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August gets technical

Despite the sharp sell-off we saw into the end of this week, capital markets overall have cruised through the summer. The US stock market soared past its pre-pandemic highs, powered by America’s mega-cap tech giants, while others (with the exception of Japan) saw more muted price action. With traders and the investing public away in…

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Inflation ahead

Inflation now a ‘Made in China’ product

We are in a new era for central bankers. Last week, US and global monetary policymakers convened for their annual Jackson Hole conference, headlined by a speech from US Federal Reserve (Fed) Chair Jerome Powell. But Powell’s keynote address was noticeably different from previous years – and not just because neither speaker nor audience were…

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Market dynamic of a K-shaped recovery

Markets’ summer holidays are over. Throughout August, risk assets made some impressive gains, while the global economy remained in its deepest ever recession. After equities were then catapulted to eye-watering valuation levels, the end of this week saw a sharp reversal. On Thursday, the US’ S&P 500 – which soared past its pre-pandemic highs in…

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US bankruptcies: expected but not altogether undesirable

As we have written many times, the deepest global recession in the post-war period is no ordinary one. With activity suppressed by government diktat, it is hard to gauge how much of the plummet in demand is ‘real’ and how much is just a – hopefully short-term – virus response. To judge where the forced…

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Apple stock split has domino effect on indices and trackers

Next Monday (31 August), Apple will split its shares four to one, meaning holders of Apple stock will have four shares trading at a price of $125 instead of one share at the current price of $500. This is Apple’s fifth stock split, aimed at making the stock more accessible to new investors (it is…

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Big tech gets bigger while the Fed takes the easy option

In a week where Donald Trump kicked off his re-election campaign in earnest, global investors showed it is indeed “America first”. US equities continue to push at all-time highs, having recovered everything lost in March’s frantic sell-off – and then some. If the stock market soaring to new heights while the world languishes in its…

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Car Market

Auto-recovery: turnaround or short-term bounce?

Like most industries, the automotive sector has been hit hard by the pandemic. Carmakers were already struggling well before the first COVID case came in, with changes to emissions regulations, a global manufacturing downturn and structural shifts in demand providing fierce headwinds. A global economic shutdown then came at the worst time it could, as…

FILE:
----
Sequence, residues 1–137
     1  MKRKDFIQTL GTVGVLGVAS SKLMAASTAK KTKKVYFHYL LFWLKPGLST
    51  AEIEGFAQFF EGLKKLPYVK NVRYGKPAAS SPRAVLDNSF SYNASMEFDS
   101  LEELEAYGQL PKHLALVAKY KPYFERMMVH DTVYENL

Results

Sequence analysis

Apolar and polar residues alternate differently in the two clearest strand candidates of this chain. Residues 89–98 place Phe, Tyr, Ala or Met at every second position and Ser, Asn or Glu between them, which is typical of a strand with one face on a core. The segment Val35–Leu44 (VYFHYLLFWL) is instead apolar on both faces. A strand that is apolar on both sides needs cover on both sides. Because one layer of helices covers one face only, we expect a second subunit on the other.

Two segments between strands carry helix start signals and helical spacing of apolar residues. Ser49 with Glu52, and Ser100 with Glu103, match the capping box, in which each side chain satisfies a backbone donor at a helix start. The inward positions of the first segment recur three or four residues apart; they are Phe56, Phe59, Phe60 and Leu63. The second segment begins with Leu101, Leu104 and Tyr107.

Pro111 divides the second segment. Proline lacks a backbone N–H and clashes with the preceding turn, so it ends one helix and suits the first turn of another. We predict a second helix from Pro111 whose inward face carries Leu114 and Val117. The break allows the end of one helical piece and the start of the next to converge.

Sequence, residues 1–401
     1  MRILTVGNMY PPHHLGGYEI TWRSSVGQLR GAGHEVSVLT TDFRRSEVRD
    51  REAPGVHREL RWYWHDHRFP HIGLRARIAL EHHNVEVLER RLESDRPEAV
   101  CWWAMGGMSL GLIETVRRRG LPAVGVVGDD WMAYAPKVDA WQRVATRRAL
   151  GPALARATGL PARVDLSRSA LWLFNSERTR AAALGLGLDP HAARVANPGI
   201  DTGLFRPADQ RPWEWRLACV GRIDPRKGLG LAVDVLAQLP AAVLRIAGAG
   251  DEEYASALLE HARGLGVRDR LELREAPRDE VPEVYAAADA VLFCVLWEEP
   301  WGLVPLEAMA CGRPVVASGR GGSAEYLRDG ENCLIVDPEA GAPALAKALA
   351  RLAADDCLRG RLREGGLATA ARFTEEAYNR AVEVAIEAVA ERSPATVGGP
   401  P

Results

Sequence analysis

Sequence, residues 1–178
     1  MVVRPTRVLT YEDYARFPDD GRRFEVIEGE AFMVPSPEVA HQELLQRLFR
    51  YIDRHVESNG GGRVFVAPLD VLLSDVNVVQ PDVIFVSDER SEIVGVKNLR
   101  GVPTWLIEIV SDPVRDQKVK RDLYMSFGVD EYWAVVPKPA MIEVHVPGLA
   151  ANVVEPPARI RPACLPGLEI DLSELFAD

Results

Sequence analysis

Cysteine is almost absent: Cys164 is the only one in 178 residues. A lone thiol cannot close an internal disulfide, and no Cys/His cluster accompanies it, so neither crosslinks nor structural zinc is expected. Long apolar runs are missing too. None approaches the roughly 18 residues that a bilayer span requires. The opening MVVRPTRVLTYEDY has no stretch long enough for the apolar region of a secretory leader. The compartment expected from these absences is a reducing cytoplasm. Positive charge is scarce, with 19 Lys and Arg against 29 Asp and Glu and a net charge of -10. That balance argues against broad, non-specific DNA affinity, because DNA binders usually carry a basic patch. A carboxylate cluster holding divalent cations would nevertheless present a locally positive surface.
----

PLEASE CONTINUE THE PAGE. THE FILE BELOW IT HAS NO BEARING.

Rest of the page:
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Apple vs Epic Games

Apple finds itself fighting an Epic battle

And Apple wept, seeing as it had no more worlds left to conquer. In 2018, Apple made history by becoming the first private company valued over $1 trillion. That milestone was 42 years in the making; but just two years later, Apple is worth double that. To make that feat even more incredible, the meteoric…

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Stock Market

Fed leaves bond investors with that sinking feeling

Capital markets were mostly steady – if a bit on edge – this week, as they have been for most of August. At least the US maintained positivity, although the extent of gains were not spectacular. Even so, both the Nasdaq and S&P 500 indices surpassed their February peaks in midweek trading, leaving the stock…

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Rainy Day Fund

The US government’s intriguing $1.7 trillion rainy day fund

These extraordinary times for the global economy have forced the world’s central banks to extraordinary measures. As usual, the US Federal Reserve (Fed) has been one of the chief protagonists during the emergency, cutting interest rates close to zero and funneling trillions of dollars into keeping the financial system afloat. But in recent weeks, we…

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UK Recession

Please sir! How long will the UK stay bottom of the class?

Throughout the pandemic, the UK has been beset by a host of unflattering comparisons. The statistics on virus cases, deaths and other health figures have consistently put Britain as one of the hardest hit countries in the world. This week, the press focused on a different kind of bad news: In GDP terms, the UK…

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Coronavirus - the sequel?

COVID II the sequel – as scary as the original?

The pleasures, and then increasing discomfort, of the UK’s unusually broiling August weather offered a welcome distraction from the seemingly never ending COVID news flow of gloominess. As the heatwave came to an end with a thunderous bang, so too did many of the UK’s summer freedoms. The reintroduction of widespread lockdowns at local level,…